Say hello to my (not so little) little friend


The stroke admission ward was full to bursting last night. Two of the healthier guys on Dad's ward were shipped out to other parts of the hospital, with two new guys due to arrive any moment.

Their personal belongings arrived thirty minutes before they did. Although one guy had fought tooth and nail to keep his with him. He failed. Two large bags arrived and were placed on top of the bed directly opposite Dad.

The nurses started to unpack the bags, but rapidly stopped.

The first bag contained a meaty crystal dildo, something wrapped in a blanket and a huge (and I mean monster) flesh dildo.

One nurse began a rapid chant of "Oh, my gosh! Oh, my gosh!", in her thickest African accent. The other nurse stood with her mouth open and seemed to stop breathing for a few seconds.

They threw everything back into the bag and threw that into the bedside locker. Just in time.

The smallest, frailest sparrow of a man was then wheeled in (yes, in a wheelchair) and helped into bed. He looked like a strong gust of wind would break him.

So, we all sat in dead silence. Then my Dad signalled that he wanted to spell a board.

D I L...

My dad is a cunt.

Sixty Five


Dad turned sixty five today. His birthday was odd. A nice man called Dennis, who has dementia, came to visit Dad this afternoon. He gifted Dad with a photograph of his dead wife. He'd wrapped the photograph in a clinical remains bag.

Awkward stuff.


Dad has another chest infection. Weaning is also on hold whilst the ENT team decide if a Laryngoscopy will shed some light on why he's finding it so hard to get his voice.

My migraines are coming thick and fast and are leaving me exhausted. I need to sleep for a month.

Cherry Mistmas!

Last night, after massaging Dad's left hand for over an hour, I asked him to squeeze my fingers. His index and middle finger gave the tiniest of lurches. I asked him to imagine crushing my hand. Once again, his index finger made the faintest twitch.

I have to wait until the canula is out of his right hand, but I fully intend to fix that one too.

Draw a picture of Grandad.

Robert Brudenell, as drawn by Immi Brudenell

Immi (3½): "Do you remember when Grandad was alive and he used to lift me over his head?"


Dad has had another knockback, in the form of a chest infection. He took about a week to shift it, but was then hit by another 'mystery' infection. He was started on intravenous antibiotics first thing this morning, and he's already back on the mend.

Nottinghamshire Social Services have been pestering us to move Dad into a neurorehabilitation unit. They claimed that he'll be fully funded, but then added a sly 'for now' under their breath. It's another external pressure that I could certainly do without. Especially when the Critical Care team are telling us that Dad won't be going anywhere for a good long while.

I also need to broach the whole NHS Continuing Care option, which has been happily glossed over. It feels as though they want to bully us into signing Dad up for a private care home, and then dump us with the bill after a few months.

A Breath of Fresh Air.

The Critical Care Outreach Team have decided that it's time to wean Dad from the ventilator. Today they swapped out his standard tracheostomy with a fenestrated one. The cuff was then deflated, and the end cap was screwed into place. Then, Dad spoke; sort of.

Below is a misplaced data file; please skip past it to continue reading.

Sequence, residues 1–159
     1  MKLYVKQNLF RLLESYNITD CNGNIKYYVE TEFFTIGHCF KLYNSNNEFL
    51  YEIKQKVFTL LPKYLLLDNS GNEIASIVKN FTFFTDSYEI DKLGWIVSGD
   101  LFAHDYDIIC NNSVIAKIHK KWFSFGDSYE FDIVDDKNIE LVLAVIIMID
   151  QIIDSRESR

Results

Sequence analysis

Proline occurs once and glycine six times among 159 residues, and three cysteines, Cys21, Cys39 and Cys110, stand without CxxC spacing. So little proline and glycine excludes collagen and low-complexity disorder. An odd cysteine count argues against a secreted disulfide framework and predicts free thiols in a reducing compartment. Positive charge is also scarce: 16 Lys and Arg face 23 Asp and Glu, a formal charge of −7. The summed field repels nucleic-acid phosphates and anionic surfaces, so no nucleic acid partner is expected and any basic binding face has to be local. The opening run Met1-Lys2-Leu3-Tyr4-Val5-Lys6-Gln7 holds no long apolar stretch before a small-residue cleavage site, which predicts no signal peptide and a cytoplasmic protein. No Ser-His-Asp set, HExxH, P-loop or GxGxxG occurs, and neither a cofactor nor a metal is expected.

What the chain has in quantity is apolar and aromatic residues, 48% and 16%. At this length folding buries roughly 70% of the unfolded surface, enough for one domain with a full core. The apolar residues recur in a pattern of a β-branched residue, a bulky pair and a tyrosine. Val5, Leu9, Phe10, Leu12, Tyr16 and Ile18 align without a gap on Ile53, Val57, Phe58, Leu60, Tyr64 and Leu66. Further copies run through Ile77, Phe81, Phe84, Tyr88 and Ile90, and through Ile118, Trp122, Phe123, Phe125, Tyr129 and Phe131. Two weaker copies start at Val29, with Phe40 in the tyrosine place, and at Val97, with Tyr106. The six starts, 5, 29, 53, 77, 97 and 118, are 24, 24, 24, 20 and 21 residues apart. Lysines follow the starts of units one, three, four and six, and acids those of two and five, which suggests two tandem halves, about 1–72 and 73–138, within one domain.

Imagine what it might sound like if a very sleepy dog could talk. If you can hear that in your head, then you've got a pretty good idea what Dad sounded like. It may have been weak, but hearing him rasp out 'Hello, Russell' for the first time in 66 days was still pretty amazing.

When he told Mum 'I love you', there wasn't a dry eye in the house.

He's still only able to manage for a few minutes at a time, but he's very ready and eager to get his voice back.


Whenever I feel a twitch or a twinge from my dad's body as I massage him, manipulate his limbs or stretch his joints, I don't mention it. But I do keep a mental log of it.

If I feel the same movement again, that's when I point it out.

For the past week I've noticed that the toes of his right foot have felt distinctly cooler than those of his left. Accordingly, I've spent about an hour each day working those toes, massaging them, pulling them apart and tracing the tendons from toe to ankle.

Three days ago I mentioned to my dad's physiotherapist that I'd felt a toe twitch. More than once.

Today, Dad demonstrated conscious and consistent control of his second toe, with some minor movement from the third and fourth toes. Although the latter wasn't consistent.

Every recovery story that I've read concerning Locked-In Syndrome speaks of movement starting around day 60. Today is Dad's 61st day.

Owl Eyebrows.

Which service, please?

Dad is back on a ward. Making the adjustment from Critical Care to ward life is really difficult. The noise, the people and the constant feeling of being in someone's way is a stark contrast to the past four weeks of solitary.

The ward he's been moved to seems utterly chaotic, and it perpetually reeks of poop. However, the team there has prior experience with Locked-in Syndrome.

Dad has regained some control over his right eyebrow. He makes me think of a mildly disgruntled owl.

No Progress


Dad started laughing.

It's not exactly what most people would consider laughter, but watching his face crease up and hearing the faint rasp of air against the tracheostomy is weirdly satisfying.

He was attempting to spell something out to me, and was getting really frustrated. He kept pointing down with his eyes as though it were something in the room, and something painfully obvious. To me, however, it was quite the opposite.

"Look," I said, "I know you're pointing to something, but there's a lot of shit in this room and I'm not Uri Geller!"

He laughed. Mum cried.